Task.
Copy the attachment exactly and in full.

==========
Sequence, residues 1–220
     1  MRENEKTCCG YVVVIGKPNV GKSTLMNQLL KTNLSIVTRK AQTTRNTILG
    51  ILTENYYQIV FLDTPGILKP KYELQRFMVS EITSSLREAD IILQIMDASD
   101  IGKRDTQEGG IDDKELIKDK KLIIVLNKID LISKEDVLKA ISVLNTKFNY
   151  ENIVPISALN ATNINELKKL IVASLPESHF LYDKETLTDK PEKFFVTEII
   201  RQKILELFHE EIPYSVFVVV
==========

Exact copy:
Sequence, residues 1–220
     1  MRENEKTCCG YVVVIGKPNV GKSTLMNQLL KTNLSIVTRK AQTTRNTILG
    51  ILTENYYQIV FLDTPGILKP KYELQRFMVS EITSSLREAD IILQIMDASD
   101  IGKRDTQEGG IDDKELIKDK KLIIVLNKID LISKEDVLKA ISVLNTKFNY
   151  ENIVPISALN ATNINELKKL IVASLPESHF LYDKETLTDK PEKFFVTEII
   201  RQKILELFHE EIPYSVFVVV